NEWTOWN – Where defenders rarely earn the headlines, they are essential for a team’s success. Joe Scardino, senior co-captain of the Council Rock North boys lacrosse team, would heartily agree.
Inspired to play lacrosse by his older brother, Joe gravitated to the defensive end of the field. “When I first started in sixth grade, I was a goalie. I kind of found my way to defense because I’m a defensive kind of player. When I played football, I played defense. When I played basketball, I was more defensive than a scorer.”
Being a defender ideally suited Joe’s personality. “I like the physicality of it. I don’t mind getting in peoples’ faces. I don’t shy away from contact. I like to be able to stop someone on a one-on-one and be the better person there.”
Joe admits that the toughest part of adapting to the fast paced sport of lacrosse was learning to handle the ‘crosse’. “The toughest part was being able to use both hands. You learn everything righty and then you have to apply everything to your left hand as well. That includes passing and catching.”
Joe’s adjustment was compounded by the fact that he had to master the art of handling a long pole. Where most field players carry a stick approximately 42 inches long, Joe wields a 72-inch weapon. “They’re a lot heavier than the little stick. When you switch, it takes a while to get used to. When you use it as long as I have, it becomes second nature.
Joe feels his pole does more than help ward off enemy attackers. “It’s certainly helpful when you think that the first person who makes contact wins. Since you have the long pole, you can dictate what direction the play is going in. On ground balls, most of the time you’ll be the first person to reach the ball.”
When playing long pole middie, Joe finds another way to utilize his stick. “Normally on faceoffs, you’re just trying to be quicker than the other person. When you’re using the long pole, you’re basically trying to get the ball out and once it’s a ground ball, the long pole has a better chance of getting it. My job is not to win it straight up but to make a ground ball and win it from there.”
With Joe and goalie Phil Huddy providing senior leadership, this year’s Indian team has already bested last season’s 7-11 mark. North is currently 8-6 overall. More importantly, they are getting hot at the right time. Coach Mike Murray’s battlers have won six of their last eight games and three of their last four league contests.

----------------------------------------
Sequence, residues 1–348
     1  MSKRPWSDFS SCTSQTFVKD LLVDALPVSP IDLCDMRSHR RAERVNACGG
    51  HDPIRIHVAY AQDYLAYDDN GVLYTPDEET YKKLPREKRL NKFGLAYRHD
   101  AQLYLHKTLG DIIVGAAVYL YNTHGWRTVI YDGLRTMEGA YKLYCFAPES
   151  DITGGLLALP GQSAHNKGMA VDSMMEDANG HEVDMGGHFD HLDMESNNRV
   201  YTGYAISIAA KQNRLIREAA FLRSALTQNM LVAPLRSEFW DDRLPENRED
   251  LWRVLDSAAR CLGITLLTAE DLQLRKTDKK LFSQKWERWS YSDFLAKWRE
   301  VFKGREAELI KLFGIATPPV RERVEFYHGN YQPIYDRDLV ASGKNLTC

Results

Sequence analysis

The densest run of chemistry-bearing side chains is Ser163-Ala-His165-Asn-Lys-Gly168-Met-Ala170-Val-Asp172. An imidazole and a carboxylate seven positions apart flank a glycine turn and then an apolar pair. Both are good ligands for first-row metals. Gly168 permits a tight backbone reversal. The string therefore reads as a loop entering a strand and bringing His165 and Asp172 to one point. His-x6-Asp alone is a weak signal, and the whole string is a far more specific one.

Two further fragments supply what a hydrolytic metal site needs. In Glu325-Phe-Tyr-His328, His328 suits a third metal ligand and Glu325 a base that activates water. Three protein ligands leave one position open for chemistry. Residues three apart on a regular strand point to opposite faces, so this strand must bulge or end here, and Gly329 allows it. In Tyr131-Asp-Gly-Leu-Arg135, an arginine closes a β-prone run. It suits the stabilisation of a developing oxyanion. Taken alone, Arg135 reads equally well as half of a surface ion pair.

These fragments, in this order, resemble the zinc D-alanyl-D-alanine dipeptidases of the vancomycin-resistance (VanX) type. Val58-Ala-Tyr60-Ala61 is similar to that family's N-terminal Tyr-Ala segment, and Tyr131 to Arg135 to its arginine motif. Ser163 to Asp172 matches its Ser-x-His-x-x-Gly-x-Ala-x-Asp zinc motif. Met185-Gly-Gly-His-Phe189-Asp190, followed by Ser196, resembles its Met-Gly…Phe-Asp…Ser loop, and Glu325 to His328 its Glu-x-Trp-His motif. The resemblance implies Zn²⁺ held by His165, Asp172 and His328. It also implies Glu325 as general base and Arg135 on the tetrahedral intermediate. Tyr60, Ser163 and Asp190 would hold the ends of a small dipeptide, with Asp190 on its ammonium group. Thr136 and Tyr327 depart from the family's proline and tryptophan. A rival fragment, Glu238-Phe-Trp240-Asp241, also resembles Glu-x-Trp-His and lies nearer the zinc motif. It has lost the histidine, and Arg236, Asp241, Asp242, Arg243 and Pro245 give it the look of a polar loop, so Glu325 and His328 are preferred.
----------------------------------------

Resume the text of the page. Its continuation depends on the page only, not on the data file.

Joe felt the Indians’ 11-8 win over Central Bucks South followed by a 6-2 conquest of Council Rock South proved crucial. “The CB South game started our win streak. The Council Rock South game was important because they are rivals and we like to beat them. It’s kind of two games for us because it’s so big. We not only like to win but to make them lose.”
Presently, North sports a 4-3 SOL National division record and has a legitimate chance of making the district playoffs. Joe feels that, “The postseason is definitely achievable and not only do we want to make it, we actually want to do something with it.”
Joe knows the Indians will have to continue to play total team lacrosse to reach their goal. “We have four games left. If we win them all, we’ll be guaranteed a spot. If we win three, we should be good. They have to determine the spots by next Saturday so we can’t have any rainouts.”
The Rock took a big first step toward the District playoffs when they beat Archbishop Wood 17-6 on May sixth. Jack Early and Jack Jogerst triggered the attack, scoring five goals apiece.
They close out the regular season with games against Neshaminy, North Penn and Archbishop Ryan. The Indians definitely have the incentive to do well in all three matchups.
TOP PHOTO: Council Rock North’s Jack Early (4) battles Jathan Martinez (14) for possession in recent boys lacrosse matchup between the schools. (John Gleeson – 21st-Century Media)
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